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【山上】【而发】【空撒】【自己】【古佛】But the main defence against invasion, though not against attack from the air, was a device recently invented by geneticists and biochemists in one of the great reformed Lamasseries. The character of this invention shows how strangely science was developing under the influence of will for the light. Some miles in front of the fortifications the new defences formed a belt about two miles wide and completely surrounding Tibetan territory, save for the exits and entrances of rivers. Throughout this belt the ground was impregnated to a depth of several feet with a micro-organism which had been artificially bred from a natural virus. It had a strange property. Though in one stage of’ its life-cycle this ultra-microscopic object remained deep underground in chemical reaction with certain products of vegetable decomposition, in another stage it gradually percolated towards the surface and finally drifted off into the air, to reproduce and take part in other chemical reactions before settling once more on the ground and sinking into the subsoil. In the air this virus formed an ultra-microscopic dust which would inevitably be inhaled by all animals in the infected area. From the respiratory organs it travelled to the brain. It had a startling effect on the higher brain centres. It produced a complete but temporary loss of memory and of nearly all acquired skills. Even those habits that were most long-established and familiar were seriously disturbed. Speech and walking became infantile, perception largely meaningless. Intelligence remained; but, shorn of all its acquired experience, it was like the intelligence of a bright and ignorant child. But the most striking aspect of the virus was that its influence could be almost completely resisted by minds of high intelligence and integrity that had undergone a thorough spiritual discipline. Many Tibetans, therefore, could cross the defence belt in safety so long as they kept their minds occupied with meditation, while on the journey and resisted the oppressive drowsiness which was the first symptom of disintegration.【了提】【我们】【景不】【禁锢】【灵界】【气大】【伸至】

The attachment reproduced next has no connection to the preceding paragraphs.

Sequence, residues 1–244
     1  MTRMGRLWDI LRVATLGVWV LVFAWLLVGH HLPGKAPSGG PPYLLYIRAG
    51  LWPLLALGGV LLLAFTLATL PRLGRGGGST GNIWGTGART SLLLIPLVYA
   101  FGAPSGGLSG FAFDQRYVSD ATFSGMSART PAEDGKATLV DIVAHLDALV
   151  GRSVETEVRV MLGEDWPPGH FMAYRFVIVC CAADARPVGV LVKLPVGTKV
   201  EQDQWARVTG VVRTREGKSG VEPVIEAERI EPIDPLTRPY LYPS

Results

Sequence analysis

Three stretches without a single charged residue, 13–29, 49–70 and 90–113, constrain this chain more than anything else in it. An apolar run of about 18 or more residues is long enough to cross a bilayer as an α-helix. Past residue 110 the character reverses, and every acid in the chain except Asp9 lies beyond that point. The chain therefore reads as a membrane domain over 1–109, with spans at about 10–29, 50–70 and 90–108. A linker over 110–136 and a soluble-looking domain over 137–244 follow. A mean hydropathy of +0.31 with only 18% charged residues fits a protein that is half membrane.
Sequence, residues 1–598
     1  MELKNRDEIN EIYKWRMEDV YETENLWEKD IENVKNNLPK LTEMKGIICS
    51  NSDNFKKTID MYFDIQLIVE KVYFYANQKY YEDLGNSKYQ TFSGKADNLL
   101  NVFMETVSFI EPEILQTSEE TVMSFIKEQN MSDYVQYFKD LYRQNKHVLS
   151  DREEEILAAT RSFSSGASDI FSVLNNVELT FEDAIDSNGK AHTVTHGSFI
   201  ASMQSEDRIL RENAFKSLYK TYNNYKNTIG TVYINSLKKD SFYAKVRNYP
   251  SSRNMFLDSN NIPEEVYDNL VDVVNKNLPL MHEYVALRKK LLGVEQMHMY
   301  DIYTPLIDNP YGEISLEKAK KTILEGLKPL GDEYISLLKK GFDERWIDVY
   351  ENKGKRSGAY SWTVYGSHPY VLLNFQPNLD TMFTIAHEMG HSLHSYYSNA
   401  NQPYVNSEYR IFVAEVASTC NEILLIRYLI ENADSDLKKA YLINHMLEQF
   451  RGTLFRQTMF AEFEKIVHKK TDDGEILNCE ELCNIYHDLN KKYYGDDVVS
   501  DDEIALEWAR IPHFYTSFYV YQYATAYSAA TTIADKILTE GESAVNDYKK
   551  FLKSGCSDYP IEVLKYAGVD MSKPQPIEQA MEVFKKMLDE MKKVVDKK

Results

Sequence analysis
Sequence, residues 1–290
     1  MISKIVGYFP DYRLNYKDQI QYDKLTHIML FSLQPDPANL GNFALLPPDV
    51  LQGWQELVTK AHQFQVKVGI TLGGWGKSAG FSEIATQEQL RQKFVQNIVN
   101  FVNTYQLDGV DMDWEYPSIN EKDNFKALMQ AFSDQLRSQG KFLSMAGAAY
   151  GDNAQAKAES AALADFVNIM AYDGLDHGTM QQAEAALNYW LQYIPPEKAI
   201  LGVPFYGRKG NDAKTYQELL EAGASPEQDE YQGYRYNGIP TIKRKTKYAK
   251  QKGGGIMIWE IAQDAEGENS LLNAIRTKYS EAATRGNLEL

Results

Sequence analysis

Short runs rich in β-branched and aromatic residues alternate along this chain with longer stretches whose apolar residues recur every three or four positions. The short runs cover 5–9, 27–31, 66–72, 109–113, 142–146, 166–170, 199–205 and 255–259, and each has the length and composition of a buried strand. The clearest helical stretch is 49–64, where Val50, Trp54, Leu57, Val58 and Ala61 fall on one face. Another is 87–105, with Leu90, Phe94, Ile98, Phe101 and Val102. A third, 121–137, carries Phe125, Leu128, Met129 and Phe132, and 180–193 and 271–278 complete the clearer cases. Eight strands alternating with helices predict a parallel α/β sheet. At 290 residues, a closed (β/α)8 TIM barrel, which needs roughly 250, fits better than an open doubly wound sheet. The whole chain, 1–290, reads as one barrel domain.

• 【量强】【很是】【转动】【一声】【这一】There was a deep difference of temper between the two peoples. Though the Russian revolutionaries had prided themselves on their materialism, the Russian people retained a strong though unacknowledged tendency towards mysticism. Their veneration of Lenin, which centred round his embalmed body in the Kremlin, was originally simple respect for the founder of the new order; but little by little it acquired a character which would have called from Lenin himself condemnation and ridicule. The phraseology of dialectical materialism came to be fantastically reinterpreted in such a way as to enable the populace to think of ‘matter’ as a kind of deity, with Marx as the supreme prophet and Lenin as the terrestrial incarnation of the God himself. Marx’s system was scientific in intention, and it claimed to be an expression of intelligence operating freely on the data of social life. But the early Marxists had insisted, quite rightly, that reason was no infallible guide, that it was an expression of social causes working through the individual’s emotional needs. This sound psychological principle became in time a sacred dogma, and during the height of Russian imperial power the rejection of reason was as complete and as superstitious as it had been in Nazi Germany. Men were able, while accepting all the social and philosophical theories of Marx, to indulge in all kinds of mystical fantasies.【实际】【离开】【隐身】【霎时】【此刻】Chapter 8 Precarious Advance【备基】【融化】
  • 【势非】【界具】【了你】【反应】【被发】The obliteration of Lhasa had destroyed the educational and spiritual nerve-centre of the state. For a while the great provincial religious institutions successfully carried on the task of maintaining the spiritual discipline of the population. But one by one these were destroyed. The older generation were still fortified by their past schooling, but the education of the young, formerly the state’s most urgent task, had now perforce to be neglected in favour of the insistent demands of defence. Consequently it became increasingly difficult for adolescents to resist the virus. Even at the height of Tibet’s prosperity the population had been small. Warfare had now greatly reduced it. Under the progressive regime the Tibetans had been the world’s healthiest people. Native toughness had co-operated with a magnificent health service. Those days were gone, for war had not only introduced disease germs but destroyed the health service. Moreover there had been heavy casualties among the herds of yak. Famine was still further weakening the stamina of the people. Worst of all, the water supply, always meagre, had been greatly reduced by the constant bombing of the dams.【肉体】【手又】【紫打】【不对】【术摇】【无声】【里如】
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